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Thrombocytosis
Classification and external resources
ICD-9 289.9
DiseasesDB 27591
eMedicine med/2267 ped/2238

Thrombocytosis is the presence of high platelet counts in the blood, and can be either reactive or primary (also termed essential and caused by a myeloproliferative disease). Although often symptomless (particularly when it is a secondary reaction), it can predispose to thrombosis in some patients.

In a healthy individual, a normal platelet count ranges from 150,000 and 450,000 per mm³ (or microlitre) (150–450 x 109/L)[1]. These limits, however, are determined by the 2.5th lower and upper percentile, and a deviation does not necessary imply any form of disease. Nevertheless, counts over 750,000 (and especially over a million) are considered serious enough to warrant investigation and intervention.

Contents

Signs and symptoms

High platelet levels do not necessarily signal any clinical problems, and are picked up on a routine full blood count. However, it is important that a full medical history be elicited to ensure that the increased platelet count is not due to a secondary process. Often, it occurs in tandem with an inflammatory disease, as the principal stimulants of platelet production (e.g. thrombopoietin) are elevated in these clinical states as part of the acute phase reaction.

High platelet counts can occur in patients with polycythemia vera (high red blood cell counts), and is an additional risk factor for complications.

A very small segment of patients report symptoms of erythromelalgia, a burning sensation and redness of the extremities that resolves with cooling and/or aspirin use.

Diagnosis

Laboratory tests might include: full blood count, liver enzymes, renal function and erythrocyte sedimentation rate.

If the cause for the high platelet count remains unclear, bone marrow biopsy is often undertaken, to differentiate whether the high platelet count is reactive or essential.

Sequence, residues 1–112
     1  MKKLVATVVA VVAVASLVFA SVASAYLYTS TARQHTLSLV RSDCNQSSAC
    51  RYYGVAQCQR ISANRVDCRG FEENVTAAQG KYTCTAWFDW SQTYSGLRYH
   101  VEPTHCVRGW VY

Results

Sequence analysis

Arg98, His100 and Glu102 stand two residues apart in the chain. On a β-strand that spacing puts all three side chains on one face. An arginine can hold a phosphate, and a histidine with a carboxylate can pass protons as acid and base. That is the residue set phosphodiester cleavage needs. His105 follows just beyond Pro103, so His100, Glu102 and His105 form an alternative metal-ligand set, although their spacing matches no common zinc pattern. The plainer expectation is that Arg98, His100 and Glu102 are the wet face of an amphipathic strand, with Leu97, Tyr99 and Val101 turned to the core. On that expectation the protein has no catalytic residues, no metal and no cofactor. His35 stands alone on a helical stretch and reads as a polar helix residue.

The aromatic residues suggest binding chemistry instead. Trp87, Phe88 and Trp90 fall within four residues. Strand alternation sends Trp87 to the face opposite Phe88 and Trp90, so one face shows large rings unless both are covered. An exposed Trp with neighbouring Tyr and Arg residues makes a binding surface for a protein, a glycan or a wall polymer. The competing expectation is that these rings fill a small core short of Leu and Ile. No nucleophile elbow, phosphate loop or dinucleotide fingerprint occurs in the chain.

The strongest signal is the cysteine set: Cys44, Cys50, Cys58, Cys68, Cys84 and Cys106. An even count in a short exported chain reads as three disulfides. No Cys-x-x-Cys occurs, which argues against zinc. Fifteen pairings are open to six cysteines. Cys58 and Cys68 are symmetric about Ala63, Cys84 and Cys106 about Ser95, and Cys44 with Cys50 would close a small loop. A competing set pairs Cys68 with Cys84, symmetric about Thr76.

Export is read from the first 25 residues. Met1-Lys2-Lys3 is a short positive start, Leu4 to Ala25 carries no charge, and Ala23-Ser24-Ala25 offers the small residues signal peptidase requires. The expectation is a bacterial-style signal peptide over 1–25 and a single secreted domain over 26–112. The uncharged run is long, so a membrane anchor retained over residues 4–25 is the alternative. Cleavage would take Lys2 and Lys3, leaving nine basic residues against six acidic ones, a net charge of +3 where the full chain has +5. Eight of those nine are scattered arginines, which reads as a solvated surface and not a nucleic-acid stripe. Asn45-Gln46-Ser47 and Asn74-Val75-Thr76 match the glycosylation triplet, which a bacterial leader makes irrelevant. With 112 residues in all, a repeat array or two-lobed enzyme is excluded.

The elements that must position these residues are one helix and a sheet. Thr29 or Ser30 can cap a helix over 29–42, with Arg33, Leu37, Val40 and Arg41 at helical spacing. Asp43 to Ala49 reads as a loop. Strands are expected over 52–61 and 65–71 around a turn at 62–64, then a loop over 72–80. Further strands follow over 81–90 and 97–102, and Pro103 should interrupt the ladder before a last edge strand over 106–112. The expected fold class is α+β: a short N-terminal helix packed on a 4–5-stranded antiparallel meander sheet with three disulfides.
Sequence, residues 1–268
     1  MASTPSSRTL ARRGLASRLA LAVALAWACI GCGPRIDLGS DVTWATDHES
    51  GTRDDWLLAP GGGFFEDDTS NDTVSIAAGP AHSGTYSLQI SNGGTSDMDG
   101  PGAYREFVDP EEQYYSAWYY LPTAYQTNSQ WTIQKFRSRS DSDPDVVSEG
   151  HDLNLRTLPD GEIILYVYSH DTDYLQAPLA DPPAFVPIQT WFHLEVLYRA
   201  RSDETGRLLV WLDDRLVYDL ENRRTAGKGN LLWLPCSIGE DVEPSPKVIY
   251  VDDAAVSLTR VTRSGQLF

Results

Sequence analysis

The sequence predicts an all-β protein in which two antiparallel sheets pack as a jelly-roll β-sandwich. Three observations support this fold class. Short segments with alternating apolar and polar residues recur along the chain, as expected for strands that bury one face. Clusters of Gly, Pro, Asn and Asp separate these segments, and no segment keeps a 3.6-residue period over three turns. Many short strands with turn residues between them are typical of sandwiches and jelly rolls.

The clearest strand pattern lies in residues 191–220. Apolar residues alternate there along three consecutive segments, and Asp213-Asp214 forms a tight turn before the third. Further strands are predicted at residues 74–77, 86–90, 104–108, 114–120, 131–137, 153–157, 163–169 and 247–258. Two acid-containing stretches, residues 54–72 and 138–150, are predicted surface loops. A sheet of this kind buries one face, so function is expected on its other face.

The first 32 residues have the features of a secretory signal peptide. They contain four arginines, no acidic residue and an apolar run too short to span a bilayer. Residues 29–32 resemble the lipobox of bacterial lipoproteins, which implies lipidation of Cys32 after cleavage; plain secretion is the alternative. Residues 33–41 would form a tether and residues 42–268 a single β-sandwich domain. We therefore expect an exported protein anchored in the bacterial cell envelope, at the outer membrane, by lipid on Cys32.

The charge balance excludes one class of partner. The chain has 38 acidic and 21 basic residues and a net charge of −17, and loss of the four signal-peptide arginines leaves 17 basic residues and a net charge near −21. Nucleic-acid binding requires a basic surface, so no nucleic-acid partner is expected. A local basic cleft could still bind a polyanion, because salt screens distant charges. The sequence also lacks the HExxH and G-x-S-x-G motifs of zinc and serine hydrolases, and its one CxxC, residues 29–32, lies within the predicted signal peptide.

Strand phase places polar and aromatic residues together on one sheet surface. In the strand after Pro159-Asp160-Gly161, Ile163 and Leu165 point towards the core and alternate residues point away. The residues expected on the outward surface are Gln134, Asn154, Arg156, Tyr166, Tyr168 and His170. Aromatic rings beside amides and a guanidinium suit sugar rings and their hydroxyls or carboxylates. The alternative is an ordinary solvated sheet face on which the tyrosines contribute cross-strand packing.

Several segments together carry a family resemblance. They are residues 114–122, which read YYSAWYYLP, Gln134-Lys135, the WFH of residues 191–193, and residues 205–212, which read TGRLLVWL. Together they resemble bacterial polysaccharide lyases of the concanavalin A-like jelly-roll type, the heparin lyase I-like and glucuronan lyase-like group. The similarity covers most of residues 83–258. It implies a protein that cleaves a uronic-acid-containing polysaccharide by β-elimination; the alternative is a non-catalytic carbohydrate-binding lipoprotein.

Causes

Increase platelet counts can be due to a number of disease processes:

Over-medication with drugs that treat thrombocytopenia, such as eltrombopag or romiplostim, may also result in thrombocytosis.

Treatment

Often, no treatment is required or necessary for reactive thrombocytosis.

However, in primary thrombocytosis, if platelet counts are over 750,000 or 1,000,000, and especially if there are other risk factors for thrombosis. Aspirin at low doses is thought to be protective, and extreme levels are treated with hydroxyurea (a cytoreducing agent). The new agent anagrelide (Agrylin) has recently been introduced for the treatment of essential thrombocytosis. However, recent studies show that anegrilide is not significantly more effective than traditionally used hydroxyurea[2].

References

  1. ^ Kumar & Clark (2005). "8". Clinical Medicine (Sixth ed.). Elsevier Saunders. pp. 469. ISBN 0702027634.  
  2. ^ Harrison, CN; Campbell PJ, Buck G, Wheatley K, East CL, Bareford D, Wilkins BS, van der Walt JD, Reilly JT, Grigg AP, Revell P, Woodcock BE, Green AR, United Kingdom Medical Research Council Primary Thrombocythemia 1 Study. (2005). "Hydroxyurea compared with anagrelide in high-risk essential thrombocythemia.". NEJM 353 (1): 33–45. doi:10.1056/NEJMoa043800. PMID 16000354. http://content.nejm.org/cgi/content/abstract/353/1/33.  
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